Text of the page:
Skip to main content

Build embedded systems with buildroot

This post is a work in progress, so if you find it incomplete and not readable probably it's not finished yet. I prefer to publish a little before than leave a post to rust in my drafts.

Buildroot is an integration system used to obtain complete bootable embedded systems; it uses a KConfig configuration mechanism (the menuconfig thing).

This post is a simple way for me to take notes about it, refer to the official documentation for anything serious.


First of all you need to download the source code with git

$ git clone git://

and then enter in the new created directory.


Now it's possible to configure the system you want to build; if you want to try first a system already configured you can use one of the existing *_defconfig

$ find ./configs -name '*_defconfig'

For example I want to create a test x86_64 system to use with QEmu, so I use qemu_x86_64_defconfig.

$ make qemu_x86_64_defconfig


$ make -j8

All the created files are in output; in our example the files we care about are in output/images/: in this case a bzImage and a root filesystem rootfs.ext2; what remains to do is to launch qemu with the right options:

$ qemu-system-x86_64 \
    -hda output/images/rootfs.ext2 \
    -m 1024 \
    -enable-kvm \
    -kernel linux_image/boot/vmlinuz-3.2.0-23-generic \
    -append 'root=/dev/sda' \
    -net nic,model=virtio -net user,hostfwd=tcp::2222-:22

It's also available a script output/images/ but only with the basic options (no networking for example).

During the package compiling process, Buildroot will record the compiling process via some identification files and save those files to the related directory of the package. All those identification files are:


These identification files mainly control the download, decompression, packaging, configuration, compilation, installation, etc. of this package.

Read docs/manual/rebuilding-packages.txt for more informations (seriously, read it, it's full of information).

Cheat sheet

Save configuration

You can set the file where to save the configuration

Build options ---->
   (configs/whatever_defconfig) Location to save buildroot config

and once exited from menuconfig you can do

$ make savedefconfig

Save kernel configuration

Kernel --->
    (board/vendor/linux.config) Configuration file path


For each package is available a set of commands

  <pkg>                  - Build and install <pkg> and all its dependencies
  <pkg>-source           - Only download the source files for <pkg>
  <pkg>-extract          - Extract <pkg> sources
  <pkg>-patch            - Apply patches to <pkg>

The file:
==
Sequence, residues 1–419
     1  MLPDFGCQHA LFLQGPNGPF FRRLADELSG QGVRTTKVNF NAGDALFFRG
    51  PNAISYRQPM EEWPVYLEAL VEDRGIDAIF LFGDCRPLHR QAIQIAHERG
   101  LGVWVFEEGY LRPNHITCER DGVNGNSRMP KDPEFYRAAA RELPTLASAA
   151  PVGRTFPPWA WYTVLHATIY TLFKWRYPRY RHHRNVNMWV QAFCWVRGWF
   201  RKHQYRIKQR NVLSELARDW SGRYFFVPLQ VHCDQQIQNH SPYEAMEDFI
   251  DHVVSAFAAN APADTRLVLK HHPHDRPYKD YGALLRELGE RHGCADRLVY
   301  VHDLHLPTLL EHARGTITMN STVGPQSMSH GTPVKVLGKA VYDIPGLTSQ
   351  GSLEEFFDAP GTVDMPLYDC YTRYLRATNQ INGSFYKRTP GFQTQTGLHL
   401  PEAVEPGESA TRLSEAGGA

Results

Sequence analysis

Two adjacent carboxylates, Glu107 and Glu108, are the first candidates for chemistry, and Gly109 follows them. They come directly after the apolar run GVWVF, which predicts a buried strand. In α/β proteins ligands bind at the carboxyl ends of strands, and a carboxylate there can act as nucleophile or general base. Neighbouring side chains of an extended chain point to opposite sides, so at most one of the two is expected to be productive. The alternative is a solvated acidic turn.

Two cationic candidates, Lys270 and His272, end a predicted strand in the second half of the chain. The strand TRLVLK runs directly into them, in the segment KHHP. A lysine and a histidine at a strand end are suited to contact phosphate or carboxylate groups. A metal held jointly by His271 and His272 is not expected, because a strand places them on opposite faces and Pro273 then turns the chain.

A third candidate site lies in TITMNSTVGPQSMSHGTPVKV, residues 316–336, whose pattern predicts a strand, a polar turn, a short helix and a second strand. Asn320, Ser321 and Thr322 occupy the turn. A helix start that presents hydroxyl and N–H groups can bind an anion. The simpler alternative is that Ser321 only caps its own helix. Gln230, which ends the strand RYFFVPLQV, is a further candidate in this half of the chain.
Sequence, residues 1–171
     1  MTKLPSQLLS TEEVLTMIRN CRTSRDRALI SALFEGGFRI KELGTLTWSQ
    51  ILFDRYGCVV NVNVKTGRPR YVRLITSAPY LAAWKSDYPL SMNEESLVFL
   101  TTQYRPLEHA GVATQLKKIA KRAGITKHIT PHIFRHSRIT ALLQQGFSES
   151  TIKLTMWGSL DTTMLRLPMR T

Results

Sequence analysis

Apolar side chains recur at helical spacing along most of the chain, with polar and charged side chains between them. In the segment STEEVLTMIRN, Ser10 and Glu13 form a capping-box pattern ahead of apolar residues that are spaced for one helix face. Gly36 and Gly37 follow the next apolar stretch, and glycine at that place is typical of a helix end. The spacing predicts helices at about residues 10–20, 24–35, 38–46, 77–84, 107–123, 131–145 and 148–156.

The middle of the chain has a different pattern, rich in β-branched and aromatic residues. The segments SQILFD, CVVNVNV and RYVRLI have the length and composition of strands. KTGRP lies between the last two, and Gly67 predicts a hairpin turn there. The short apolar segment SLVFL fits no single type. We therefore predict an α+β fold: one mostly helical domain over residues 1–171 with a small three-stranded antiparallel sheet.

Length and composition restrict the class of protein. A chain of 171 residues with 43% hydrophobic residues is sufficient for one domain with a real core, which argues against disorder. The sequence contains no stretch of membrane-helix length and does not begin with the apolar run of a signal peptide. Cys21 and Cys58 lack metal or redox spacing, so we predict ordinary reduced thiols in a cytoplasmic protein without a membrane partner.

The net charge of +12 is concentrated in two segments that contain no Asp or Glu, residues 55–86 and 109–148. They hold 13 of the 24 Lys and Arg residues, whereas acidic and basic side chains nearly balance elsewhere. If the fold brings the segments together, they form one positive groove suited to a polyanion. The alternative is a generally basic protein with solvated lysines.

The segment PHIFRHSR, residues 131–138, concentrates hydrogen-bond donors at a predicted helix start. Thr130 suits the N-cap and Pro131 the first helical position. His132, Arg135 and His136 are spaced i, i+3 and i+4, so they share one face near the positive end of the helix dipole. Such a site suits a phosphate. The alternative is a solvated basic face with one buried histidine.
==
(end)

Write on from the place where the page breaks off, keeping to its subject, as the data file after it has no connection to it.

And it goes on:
<pkg>-depends          - Build <pkg>'s dependencies
  <pkg>-configure        - Build <pkg> up to the configure step
  <pkg>-build            - Build <pkg> up to the build step
  <pkg>-graph-depends    - Generate a graph of <pkg>'s dependencies
  <pkg>-dirclean         - Remove <pkg> build directory
  <pkg>-reconfigure      - Restart the build from the configure step
  <pkg>-rebuild          - Restart the build from the build step

Force rebuild target

$ rm -rf output/target
$ find output/ -name ".stamp_target_installed" |xargs rm -rf

Enable keymap

Enable package kbd in order to use loadkeys and the correct localization for your keyboard

       -> Target packages
         -> Hardware handling

Enable ssh

You can connect to it using the redirection in the last line

    -net nic,model=virtio -net user,hostfwd=tcp::2222-:22
$ ssh -p 2222 root@ -o StrictHostKeyChecking=off

Remember to set

PermitRootLogin yes
PermitEmptyPassword yes

into /etc/ssh/sshd_config and restart the service with /etc/init.d/50sshd restart.

Bad enough, with qemu is happened that the machine hangs at boot probably during the ssh-keygen, maybe you can use CONFIG_RANDOM_TRUST_CPU or something indicated here or here or maybe, hit the keyboard a couple times or maybe rng-tools.

In some cases it's possible that sshd doesn't start because the keys are not present, in such case is possible to do

$ ssh-keygen -A -f output/target/ # generate the keys
$ make                            # rebuild the filesystem

Enable X11

This is tricky: for now I was able to make work only the modular X server with a configuration like the following:


Customize filesystem

If you have configuration files that you want to replace you can indicate an overlay directory

    System configuration  --->
         () Root filesystem overlay directories

to use as source.

Another option is to use a post build script: take for example pc_x86_64_bios_defconfig

that uses the following option


to indicate a script to copy boot-related files into the image


set -e

BOARD_DIR=$(dirname "$0")

# Detect boot strategy, EFI or BIOS
if [ -f "$BINARIES_DIR/efi-part/startup.nsh" ]; then
    cp -f "$BOARD_DIR/grub-efi.cfg" "$BINARIES_DIR/efi-part/EFI/BOOT/grub.cfg"
    cp -f "$BOARD_DIR/grub-bios.cfg" "$TARGET_DIR/boot/grub/grub.cfg"

    # Copy grub 1st stage to binaries, required for genimage
    cp -f "$HOST_DIR/lib/grub/i386-pc/boot.img" "$BINARIES_DIR"

Linux kernel

If you want to configure it

$ make linux-menuconfig

and then

$ make linux

to build it.

Build out-of-tree modules

This is as usual

$ cd /path/to/module/code/
$ make KDIR=/path/to/buildroot/output/build/linux-x.y.z/ M=$PWD


  • Official documentation
  • My 6 tips for working with Buildroot


Comments powered by Disqus